Writing in the Washington Examiner, Timothy Carney has a fascinating item about how Senator Schumer, the senior Democrat of New York, is denouncing the Supreme Court ruling opening up campaign speech by corporations, even though he's already awash in corporate campaign contributions, and even though a dozen of Mr. Schumer's former staffers are registered Washington lobbyists. Writes Mr. Carney, "set free of from Congress's speech regulations, non-profits and corporations might not rely so much on these indirect means of political influence. That means less campaign cash coming into Schumer, fewer corporations courting Schumer's staff, and less sucking up to Schumer by lobbyists."
In the dissent in the Supreme Court case, Justice Stevens, writing for himself and Justices Breyer, Sotomayor, and Ginsburg, actually addressed a variation of the "incumbent protection" argument raised by Mr. Carney. Justice Stevens claimed that the electioneering banned by the law the majority struck down yesterday "might well tend to favor incumbents, because incumbents have pre-existing relationships with corporations and unions, and groups that wish to procure legislative benefits may tend to support the candidate who, as a sitting officeholder, is already in a position to dispense benefits and is statistically likely to retain office. If a corporation's goal is to induce officeholders to do its bidding, the corporation would do well to cultivate stable, long-term relationships of dependency."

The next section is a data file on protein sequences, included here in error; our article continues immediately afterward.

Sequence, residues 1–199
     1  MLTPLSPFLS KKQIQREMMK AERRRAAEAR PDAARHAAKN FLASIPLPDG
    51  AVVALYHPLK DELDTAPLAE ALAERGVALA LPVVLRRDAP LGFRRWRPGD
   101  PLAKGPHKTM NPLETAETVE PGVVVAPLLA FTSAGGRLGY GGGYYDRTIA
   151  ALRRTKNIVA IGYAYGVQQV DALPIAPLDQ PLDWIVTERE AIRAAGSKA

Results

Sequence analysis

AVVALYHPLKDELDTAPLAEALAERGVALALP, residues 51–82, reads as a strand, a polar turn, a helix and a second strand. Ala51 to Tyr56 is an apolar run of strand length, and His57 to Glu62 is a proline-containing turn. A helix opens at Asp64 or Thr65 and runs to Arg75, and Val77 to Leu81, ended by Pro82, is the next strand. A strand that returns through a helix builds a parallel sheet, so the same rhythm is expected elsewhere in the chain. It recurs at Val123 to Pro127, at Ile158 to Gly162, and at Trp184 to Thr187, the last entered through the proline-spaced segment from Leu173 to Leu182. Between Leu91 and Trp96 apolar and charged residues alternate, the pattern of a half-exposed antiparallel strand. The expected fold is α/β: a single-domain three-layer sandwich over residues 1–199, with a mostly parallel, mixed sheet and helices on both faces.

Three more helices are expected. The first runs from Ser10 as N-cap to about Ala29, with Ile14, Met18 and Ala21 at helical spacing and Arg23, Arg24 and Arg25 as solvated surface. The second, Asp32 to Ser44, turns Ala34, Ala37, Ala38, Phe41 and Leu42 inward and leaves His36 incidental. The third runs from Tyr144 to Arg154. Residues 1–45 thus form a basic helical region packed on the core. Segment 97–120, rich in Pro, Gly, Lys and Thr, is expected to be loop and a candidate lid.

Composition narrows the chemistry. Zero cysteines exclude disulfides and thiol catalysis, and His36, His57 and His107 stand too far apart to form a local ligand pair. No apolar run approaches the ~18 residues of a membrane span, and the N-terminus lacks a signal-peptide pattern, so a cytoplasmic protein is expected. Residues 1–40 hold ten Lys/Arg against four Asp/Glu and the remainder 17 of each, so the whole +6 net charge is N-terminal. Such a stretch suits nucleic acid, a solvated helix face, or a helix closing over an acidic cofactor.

Justice Stevens added, "Finally, it is important to remember just how incumbent-friendly congressional races were" before the McCain-Feingold Bipartisan Campaign Reform Act of 2002 passed. "As the Solicitor General aptly remarked at the time, 'the evidence supports overwhelmingly that incumbents were able to get re-elected under the old system just fine.'"